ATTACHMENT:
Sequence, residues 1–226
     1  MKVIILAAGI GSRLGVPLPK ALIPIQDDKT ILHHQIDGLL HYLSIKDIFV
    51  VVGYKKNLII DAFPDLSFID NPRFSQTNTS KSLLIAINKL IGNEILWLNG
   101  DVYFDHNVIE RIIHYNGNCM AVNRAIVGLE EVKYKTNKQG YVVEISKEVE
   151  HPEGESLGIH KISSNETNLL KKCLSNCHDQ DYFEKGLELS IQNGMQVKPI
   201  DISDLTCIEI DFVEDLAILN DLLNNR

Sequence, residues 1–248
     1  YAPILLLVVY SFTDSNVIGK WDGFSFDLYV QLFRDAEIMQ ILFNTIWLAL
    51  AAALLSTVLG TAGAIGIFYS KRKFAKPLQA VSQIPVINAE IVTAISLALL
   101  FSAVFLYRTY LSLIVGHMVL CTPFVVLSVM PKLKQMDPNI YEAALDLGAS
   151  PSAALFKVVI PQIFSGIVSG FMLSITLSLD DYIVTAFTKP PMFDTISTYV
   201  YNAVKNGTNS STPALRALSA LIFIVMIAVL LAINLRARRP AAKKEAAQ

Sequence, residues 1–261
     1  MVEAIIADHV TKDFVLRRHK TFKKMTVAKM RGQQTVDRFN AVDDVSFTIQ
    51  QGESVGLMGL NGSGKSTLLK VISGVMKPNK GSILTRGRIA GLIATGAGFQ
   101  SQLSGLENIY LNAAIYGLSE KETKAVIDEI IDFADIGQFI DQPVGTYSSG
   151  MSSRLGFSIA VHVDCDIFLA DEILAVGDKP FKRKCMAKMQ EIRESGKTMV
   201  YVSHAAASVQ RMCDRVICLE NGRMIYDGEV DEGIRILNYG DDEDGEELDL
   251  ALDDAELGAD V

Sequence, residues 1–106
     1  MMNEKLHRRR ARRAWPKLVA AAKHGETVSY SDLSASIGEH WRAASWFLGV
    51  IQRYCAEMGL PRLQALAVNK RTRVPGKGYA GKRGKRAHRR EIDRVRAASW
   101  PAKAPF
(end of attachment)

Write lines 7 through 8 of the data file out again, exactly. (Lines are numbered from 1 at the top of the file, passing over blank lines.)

Sequence, residues 1–248
     1  YAPILLLVVY SFTDSNVIGK WDGFSFDLYV QLFRDAEIMQ ILFNTIWLAL